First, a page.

Jomboy explains how he unraveled Astros' cheating scandal and backlash he faced

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James O’Brien, better known as Jomboy, broke the internet – and the Houston Astros’ cheating scandal – wide open with a short video that now has over seven million views on YouTube.

He’s since launched Jomboy Media and has covered countless plays, arguments, ejections, and whatever else may be happening in the sports world.

Jomboy joined Ron Darling and Jimmy Rollins on Audacy’s “Unwritten: Behind Baseball’s Secret Rules” podcast to explain how he unraveled the Astros’ cheating scandal and some of the backlash he faced.

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“All the credit goes to Rosenthal and Drellich and ‘The Athletic’ and then for getting guys like (Mike) Fiers and (Danny) Farquhar on the record talking about it. Because they really risked a lot putting that story out,” Jomboy said (15:57 in player above). “Coming from an audio/video background I said wait, this is a reliever who’s talking about an appearance in Houston. How many times does a reliever pitch in an away ballpark? Especially when they’re not in the same division. That’s probably easy to find.

“So if you go to Farquhar’s game log from that season and you find it, then you just listen. I was like ‘Wonder if I can hear this banging he’s talking about’ and it was so clear and obvious because he said he steps off the mound because he heard it.”

“I kind of did that naturally,” Jomboy said, explaining that he would go back and find the footage when podcasts talked about specific plays. “So I just always did that and then I started sharing that, what I would find, and walking it through quickly so other people can kinda see the same thing I saw or tell that story.”

The story and reports may have already been out there, but Jomboy made it easy consumable for every media platform.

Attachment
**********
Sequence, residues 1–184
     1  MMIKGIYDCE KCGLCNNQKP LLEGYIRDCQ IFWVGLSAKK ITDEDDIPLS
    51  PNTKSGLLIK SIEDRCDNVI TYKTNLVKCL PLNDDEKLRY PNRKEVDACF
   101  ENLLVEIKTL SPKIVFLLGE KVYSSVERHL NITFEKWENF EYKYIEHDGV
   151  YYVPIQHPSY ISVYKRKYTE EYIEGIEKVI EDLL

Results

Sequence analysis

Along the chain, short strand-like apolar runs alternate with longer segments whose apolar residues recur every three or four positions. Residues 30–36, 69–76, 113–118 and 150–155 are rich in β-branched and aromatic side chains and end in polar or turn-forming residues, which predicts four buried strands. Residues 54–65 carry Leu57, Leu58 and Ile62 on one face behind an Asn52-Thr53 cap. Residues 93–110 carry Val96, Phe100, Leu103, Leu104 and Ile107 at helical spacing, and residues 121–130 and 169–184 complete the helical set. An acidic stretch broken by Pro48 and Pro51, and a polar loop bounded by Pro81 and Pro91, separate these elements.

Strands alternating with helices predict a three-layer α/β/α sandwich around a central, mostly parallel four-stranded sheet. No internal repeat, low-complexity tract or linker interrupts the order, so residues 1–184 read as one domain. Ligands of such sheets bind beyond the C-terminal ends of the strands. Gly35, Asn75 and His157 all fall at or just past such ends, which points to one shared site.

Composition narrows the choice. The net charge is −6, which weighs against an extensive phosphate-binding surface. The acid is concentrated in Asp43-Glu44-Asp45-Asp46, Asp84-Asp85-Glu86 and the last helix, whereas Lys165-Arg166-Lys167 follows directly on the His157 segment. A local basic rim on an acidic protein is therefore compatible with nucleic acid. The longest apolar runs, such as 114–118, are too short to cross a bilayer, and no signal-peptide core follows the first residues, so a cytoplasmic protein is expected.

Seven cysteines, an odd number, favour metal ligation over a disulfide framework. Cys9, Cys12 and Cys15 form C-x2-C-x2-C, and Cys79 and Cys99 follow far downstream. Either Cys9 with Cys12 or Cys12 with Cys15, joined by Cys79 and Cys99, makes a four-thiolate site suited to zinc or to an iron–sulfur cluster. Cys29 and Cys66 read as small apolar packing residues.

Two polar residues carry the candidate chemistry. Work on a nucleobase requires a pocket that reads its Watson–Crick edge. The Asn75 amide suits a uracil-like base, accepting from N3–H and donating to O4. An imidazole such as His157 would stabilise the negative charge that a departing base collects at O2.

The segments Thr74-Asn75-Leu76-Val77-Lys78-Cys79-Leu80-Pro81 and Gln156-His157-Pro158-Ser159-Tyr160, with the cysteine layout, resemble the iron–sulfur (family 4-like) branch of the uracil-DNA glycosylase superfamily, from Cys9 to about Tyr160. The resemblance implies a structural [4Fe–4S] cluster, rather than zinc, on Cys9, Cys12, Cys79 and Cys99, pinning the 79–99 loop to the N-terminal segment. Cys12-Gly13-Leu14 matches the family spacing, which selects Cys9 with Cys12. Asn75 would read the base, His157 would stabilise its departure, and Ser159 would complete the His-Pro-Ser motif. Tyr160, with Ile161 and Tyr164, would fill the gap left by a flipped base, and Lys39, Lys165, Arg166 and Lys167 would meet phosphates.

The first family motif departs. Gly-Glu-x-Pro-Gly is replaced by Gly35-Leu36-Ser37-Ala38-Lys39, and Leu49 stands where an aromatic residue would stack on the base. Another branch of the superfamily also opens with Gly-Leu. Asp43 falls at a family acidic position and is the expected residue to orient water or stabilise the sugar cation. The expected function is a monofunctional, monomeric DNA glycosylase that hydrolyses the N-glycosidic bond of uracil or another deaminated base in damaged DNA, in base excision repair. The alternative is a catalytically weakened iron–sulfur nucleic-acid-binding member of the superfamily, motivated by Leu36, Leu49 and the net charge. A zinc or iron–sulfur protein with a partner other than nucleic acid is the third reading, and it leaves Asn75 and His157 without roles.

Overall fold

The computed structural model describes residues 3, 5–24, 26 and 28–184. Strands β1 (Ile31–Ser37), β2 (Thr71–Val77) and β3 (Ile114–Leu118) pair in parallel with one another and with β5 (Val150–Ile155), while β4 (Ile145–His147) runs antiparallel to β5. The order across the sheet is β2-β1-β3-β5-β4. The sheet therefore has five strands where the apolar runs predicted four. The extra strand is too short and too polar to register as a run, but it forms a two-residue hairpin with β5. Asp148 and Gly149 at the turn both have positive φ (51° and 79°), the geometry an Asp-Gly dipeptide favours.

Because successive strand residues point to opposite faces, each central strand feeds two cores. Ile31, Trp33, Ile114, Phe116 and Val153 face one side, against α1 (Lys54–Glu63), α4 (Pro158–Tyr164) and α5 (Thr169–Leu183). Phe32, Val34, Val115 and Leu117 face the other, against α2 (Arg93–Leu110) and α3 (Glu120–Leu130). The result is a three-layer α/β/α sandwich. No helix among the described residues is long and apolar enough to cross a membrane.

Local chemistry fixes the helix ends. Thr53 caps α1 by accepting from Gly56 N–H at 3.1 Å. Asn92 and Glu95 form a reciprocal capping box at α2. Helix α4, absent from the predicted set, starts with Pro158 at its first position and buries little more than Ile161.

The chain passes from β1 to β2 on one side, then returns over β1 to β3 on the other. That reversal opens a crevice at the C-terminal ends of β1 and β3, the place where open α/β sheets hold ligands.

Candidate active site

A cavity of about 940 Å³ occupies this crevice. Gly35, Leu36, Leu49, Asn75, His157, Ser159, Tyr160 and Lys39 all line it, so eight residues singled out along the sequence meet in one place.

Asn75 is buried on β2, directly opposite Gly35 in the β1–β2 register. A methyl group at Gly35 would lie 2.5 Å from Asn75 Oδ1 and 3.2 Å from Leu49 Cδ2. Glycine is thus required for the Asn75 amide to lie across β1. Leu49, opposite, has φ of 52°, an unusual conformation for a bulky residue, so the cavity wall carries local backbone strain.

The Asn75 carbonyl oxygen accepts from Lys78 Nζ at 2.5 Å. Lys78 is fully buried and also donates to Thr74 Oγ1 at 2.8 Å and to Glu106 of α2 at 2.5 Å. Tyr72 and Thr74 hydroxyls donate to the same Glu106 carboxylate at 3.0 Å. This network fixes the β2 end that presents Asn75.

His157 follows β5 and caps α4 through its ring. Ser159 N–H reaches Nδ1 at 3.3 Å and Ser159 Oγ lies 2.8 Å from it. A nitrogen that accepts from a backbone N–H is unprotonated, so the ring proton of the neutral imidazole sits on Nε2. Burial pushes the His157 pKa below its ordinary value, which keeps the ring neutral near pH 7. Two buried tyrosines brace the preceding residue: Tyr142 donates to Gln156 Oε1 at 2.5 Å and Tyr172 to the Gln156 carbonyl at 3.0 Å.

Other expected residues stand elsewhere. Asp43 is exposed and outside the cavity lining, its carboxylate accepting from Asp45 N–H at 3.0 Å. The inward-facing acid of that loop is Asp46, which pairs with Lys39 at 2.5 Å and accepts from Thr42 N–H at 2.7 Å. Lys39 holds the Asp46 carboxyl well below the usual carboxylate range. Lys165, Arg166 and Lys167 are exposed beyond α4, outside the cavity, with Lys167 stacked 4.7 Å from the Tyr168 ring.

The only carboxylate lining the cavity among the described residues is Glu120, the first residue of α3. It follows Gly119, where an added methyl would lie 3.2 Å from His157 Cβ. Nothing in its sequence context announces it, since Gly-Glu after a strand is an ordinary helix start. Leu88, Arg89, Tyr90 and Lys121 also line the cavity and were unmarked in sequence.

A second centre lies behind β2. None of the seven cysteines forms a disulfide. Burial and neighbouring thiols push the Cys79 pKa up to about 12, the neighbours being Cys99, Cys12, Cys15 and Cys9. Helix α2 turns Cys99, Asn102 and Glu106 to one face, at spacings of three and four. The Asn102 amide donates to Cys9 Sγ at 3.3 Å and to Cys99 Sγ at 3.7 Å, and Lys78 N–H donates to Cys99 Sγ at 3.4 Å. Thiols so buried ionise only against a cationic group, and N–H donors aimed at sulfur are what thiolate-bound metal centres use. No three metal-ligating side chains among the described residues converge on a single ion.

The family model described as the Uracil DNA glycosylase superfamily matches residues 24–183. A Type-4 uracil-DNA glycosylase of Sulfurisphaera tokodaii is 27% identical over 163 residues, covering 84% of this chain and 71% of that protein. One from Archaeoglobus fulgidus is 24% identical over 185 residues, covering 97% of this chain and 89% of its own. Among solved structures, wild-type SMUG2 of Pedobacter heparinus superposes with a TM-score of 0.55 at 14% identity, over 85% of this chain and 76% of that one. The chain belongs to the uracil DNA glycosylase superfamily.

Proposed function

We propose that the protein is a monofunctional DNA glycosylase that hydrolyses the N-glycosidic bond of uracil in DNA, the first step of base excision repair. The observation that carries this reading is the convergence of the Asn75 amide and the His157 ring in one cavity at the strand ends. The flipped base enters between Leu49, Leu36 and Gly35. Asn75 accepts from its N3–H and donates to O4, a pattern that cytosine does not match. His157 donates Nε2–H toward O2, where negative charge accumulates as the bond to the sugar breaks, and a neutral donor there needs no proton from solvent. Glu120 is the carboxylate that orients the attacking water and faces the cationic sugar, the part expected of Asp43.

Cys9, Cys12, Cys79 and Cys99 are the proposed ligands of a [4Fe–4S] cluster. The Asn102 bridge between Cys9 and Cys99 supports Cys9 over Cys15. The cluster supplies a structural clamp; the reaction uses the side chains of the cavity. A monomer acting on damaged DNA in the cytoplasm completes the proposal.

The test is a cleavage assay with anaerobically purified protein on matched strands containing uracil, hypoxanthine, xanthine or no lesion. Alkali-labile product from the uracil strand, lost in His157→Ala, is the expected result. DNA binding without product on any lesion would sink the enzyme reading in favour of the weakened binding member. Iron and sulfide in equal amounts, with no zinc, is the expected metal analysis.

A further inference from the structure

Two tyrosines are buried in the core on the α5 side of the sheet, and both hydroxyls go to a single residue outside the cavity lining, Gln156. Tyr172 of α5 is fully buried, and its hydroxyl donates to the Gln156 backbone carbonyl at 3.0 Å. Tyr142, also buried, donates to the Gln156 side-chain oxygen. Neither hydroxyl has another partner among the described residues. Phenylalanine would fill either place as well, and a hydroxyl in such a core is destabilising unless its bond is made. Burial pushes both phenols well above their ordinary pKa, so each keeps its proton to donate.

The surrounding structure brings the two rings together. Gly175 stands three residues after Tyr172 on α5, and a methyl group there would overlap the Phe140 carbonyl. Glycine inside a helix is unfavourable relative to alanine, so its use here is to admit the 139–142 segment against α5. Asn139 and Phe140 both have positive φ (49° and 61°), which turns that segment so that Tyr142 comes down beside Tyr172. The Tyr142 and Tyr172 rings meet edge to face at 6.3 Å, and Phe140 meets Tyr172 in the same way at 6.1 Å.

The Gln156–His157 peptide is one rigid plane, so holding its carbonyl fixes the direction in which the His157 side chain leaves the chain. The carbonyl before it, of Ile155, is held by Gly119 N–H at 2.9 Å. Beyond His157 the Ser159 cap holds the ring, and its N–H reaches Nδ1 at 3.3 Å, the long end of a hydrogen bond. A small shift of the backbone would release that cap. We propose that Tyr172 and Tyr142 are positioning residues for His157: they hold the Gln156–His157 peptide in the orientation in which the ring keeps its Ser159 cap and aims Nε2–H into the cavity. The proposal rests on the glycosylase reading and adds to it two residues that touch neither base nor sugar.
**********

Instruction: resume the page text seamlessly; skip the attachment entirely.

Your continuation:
“But it went crazy because ‘The Athletic’ is the written word behind a paywall and our day and age I made a two-minute video on every social media channel,” he continued. “That blew up. That one went bigger than the internet. It went bigger than baseball. It went bigger than sports. It’s an appealing story for anyone. Your grandma, your aunt that doesn’t care about sports, they’re going to tune in for a cheating scandal.”

While that video got Jomboy millions of views and recognition from many outlets, he also received some backlash. It wasn’t just another fun video like he enjoyed making. It was bigger than that.

“I made it and I said to Jake, my partner here, I said ‘that felt more like journalism than an entertaining video,’ which doesn’t feel natural really,” he said.  “I like diving into things but I always like sharing it in a voice that’s like this is just me. And I think we’ve outgrown that a little bit too much and I think during the course of that video I outgrew it before I realized it that I couldn’t start just looking at things and being interested in them and sharing that interest because it all of a sudden fell with some weight because they thought I was the guy that broke the first one even thought I just made a video about the article.

“One aspect that’s bizarre ‘cause then I heard ‘The Michael Kay Show’, Joel Sherman reported that there was rumors of the buzzers and ‘The Michael Kay Show’ was doing a whole day on the buzzers. So I’m like this is interesting. So I started doing it, now I get associated as I made up those rumors or I was the first one when I was reacting to ESPN Radio and Joel Sherman at the Post – if that’s where he is – articles because it was just out there.”

Jomboy followed that up by looking into it, as he normally would, but said that he fully believes Altuve’s tattoo story. Nevertheless, it’s an interesting story given Altuve’s sudden change of wardrobe.

“That’s still interesting but I got in trouble because all of a sudden people saw me as not just a fan having fun reacting to bizarre red strings on a wall,” he said.

That’s not what Jomboy wants to be seen as or feel like.

“I don’t ever want to feel like a reporter. I think it’s a part of my bio now like I’m not trying to report or get people in trouble,” he said. “‘The Athletic’ kinda had the smoking gun, I just found the video. There was a lot of fun to that whole saga but I got myself in trouble getting ahead of it.”

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